Linux partitions will not be mounted under Windows because it cannot read the partitions, so will not have a drive letter assigned

to see the partitions you’ll need to either

a) look in the Windows disk manager for partitions marked “Unknown”

b) use a third party application that allows Windows to mount/access Linux partitions (giving them a drive letter)


Why not just boot into Ubuntu and ask it?
In Terminal run

sudo fdisk -l

This will give you the list of partitions and their usage


cat /etc/fstab

This will list partitions and where they are mounted at boot time

Once you got that info then it is easy to deduct where the files are. :wink:

Knowing where they are on the drive is probably not going to help Ghost to “see” the partitions and offer them for backup/imaging.
(the third party software for mounting them MIGHT, but would still have to be considered risky)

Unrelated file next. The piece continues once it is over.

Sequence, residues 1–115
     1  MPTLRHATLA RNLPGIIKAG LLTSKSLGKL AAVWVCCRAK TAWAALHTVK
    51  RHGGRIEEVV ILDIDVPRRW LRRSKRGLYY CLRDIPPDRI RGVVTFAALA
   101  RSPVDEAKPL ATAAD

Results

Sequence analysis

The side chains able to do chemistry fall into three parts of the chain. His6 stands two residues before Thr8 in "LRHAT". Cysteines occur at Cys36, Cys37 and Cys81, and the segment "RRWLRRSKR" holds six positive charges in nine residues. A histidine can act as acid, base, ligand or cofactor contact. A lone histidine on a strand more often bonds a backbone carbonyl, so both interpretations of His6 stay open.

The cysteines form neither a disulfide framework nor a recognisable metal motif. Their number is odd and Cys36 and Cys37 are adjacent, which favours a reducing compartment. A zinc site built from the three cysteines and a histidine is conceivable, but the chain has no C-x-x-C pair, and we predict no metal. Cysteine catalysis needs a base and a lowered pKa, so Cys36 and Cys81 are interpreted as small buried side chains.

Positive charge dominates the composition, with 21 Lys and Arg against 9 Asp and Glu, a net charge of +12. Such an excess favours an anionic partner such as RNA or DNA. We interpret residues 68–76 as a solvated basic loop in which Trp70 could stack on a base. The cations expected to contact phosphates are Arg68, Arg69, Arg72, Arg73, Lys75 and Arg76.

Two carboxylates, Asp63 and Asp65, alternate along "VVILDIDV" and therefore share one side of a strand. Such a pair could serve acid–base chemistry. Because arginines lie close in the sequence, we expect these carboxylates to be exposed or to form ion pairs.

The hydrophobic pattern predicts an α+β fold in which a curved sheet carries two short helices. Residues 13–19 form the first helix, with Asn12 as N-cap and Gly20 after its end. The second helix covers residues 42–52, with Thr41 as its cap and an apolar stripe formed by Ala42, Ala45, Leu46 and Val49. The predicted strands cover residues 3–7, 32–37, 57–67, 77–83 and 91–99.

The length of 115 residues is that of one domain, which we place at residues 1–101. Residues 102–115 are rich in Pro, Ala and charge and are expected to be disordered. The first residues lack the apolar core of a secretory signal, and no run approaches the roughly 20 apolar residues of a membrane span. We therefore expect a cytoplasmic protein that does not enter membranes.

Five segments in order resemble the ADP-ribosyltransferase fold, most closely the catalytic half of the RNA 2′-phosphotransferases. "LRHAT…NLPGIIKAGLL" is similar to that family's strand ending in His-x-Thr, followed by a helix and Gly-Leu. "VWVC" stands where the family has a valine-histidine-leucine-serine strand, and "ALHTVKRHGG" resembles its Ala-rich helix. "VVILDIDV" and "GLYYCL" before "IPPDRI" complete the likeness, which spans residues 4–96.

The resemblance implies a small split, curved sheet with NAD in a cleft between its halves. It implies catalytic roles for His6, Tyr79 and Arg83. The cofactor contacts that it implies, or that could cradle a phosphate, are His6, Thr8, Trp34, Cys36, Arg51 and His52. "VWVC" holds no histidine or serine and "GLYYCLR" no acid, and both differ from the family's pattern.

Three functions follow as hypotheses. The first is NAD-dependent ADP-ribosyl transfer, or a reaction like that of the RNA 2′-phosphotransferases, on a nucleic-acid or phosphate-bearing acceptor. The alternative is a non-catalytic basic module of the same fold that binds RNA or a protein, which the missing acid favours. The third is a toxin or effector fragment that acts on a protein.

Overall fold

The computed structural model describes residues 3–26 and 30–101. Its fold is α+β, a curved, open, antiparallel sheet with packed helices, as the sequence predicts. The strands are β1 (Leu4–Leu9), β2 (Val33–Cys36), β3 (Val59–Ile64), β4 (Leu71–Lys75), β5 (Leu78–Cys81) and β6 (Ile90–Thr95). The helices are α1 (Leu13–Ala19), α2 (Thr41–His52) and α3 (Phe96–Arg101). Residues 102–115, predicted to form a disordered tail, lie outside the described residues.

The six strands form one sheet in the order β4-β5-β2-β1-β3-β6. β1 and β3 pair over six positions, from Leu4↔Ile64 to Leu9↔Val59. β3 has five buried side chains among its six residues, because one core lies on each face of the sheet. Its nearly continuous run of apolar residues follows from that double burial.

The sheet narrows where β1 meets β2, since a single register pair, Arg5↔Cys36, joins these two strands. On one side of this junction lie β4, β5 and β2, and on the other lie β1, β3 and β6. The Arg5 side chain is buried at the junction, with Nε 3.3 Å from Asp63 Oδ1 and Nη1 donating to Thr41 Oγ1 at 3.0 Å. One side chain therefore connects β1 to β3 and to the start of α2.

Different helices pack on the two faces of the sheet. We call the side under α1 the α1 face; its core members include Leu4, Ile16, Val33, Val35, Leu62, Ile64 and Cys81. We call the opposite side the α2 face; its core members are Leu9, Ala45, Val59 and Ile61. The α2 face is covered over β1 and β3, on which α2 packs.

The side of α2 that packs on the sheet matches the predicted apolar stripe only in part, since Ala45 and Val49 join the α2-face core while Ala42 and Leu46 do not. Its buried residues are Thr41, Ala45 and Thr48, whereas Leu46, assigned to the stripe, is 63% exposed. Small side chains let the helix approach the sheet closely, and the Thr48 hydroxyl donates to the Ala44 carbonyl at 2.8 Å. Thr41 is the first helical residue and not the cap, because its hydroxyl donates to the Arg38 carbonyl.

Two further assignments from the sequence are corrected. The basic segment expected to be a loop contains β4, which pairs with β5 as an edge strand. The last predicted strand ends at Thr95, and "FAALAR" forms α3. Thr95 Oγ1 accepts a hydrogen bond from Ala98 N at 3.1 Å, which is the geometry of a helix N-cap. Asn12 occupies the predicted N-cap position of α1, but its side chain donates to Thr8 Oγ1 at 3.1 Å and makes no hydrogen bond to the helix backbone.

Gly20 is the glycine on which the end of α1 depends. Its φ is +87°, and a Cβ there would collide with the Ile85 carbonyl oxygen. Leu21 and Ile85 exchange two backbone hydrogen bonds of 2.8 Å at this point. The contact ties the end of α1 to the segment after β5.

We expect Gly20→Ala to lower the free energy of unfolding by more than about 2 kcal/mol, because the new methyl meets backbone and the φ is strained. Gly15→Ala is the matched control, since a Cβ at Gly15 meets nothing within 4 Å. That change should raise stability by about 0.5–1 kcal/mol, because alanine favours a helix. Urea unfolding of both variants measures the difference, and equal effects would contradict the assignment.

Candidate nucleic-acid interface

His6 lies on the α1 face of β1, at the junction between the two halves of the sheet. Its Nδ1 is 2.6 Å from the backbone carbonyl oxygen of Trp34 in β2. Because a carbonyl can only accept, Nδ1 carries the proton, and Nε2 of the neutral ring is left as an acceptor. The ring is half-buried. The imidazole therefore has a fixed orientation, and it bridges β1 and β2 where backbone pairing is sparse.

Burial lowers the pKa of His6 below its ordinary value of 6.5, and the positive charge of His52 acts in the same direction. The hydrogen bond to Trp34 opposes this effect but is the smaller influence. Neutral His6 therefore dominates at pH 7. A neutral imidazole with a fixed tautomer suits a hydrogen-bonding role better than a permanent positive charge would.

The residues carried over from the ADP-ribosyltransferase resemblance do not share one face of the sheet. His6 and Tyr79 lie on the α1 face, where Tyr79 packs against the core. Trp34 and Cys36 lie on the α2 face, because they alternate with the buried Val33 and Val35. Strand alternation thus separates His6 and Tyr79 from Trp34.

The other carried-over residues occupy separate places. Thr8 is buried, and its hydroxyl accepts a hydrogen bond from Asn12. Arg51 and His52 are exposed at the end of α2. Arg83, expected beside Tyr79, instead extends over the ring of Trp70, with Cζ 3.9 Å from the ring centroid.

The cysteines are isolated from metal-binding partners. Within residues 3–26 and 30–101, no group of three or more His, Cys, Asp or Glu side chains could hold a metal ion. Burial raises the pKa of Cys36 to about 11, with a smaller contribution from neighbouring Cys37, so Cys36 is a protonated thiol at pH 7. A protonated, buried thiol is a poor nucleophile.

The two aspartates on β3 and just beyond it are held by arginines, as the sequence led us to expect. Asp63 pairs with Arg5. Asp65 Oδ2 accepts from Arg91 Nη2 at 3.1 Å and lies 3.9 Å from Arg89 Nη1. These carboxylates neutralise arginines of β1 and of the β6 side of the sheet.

The fact is, if Ghost can’t “see” them I doubt if it’ll back them up as “partitions” … though it would probably back them up as part of a full disk image/clone.

I’d still suggest using CloneZilla or Redo Backup & Recovery to backup/image Linux partitions instead of Windows/Ghost

Mark - I am definitely going to look into clonezilla and redo. The only reason I favoured ghost was that someone on the web recommended it to someone else in a similar position to me. He said that ghost had no problem backing up Linux partitions (after a certain release of ghost - probably newer than the one I’m using…)

SeZo - thanks. I ran those commands but I’m not much wiser.The output suggests that LINUX and the swap file reside on sdc5 and sdc6. I expected Linux to be on sdc, but I still don’t see where the main Linux files are. I’ve just noticed that…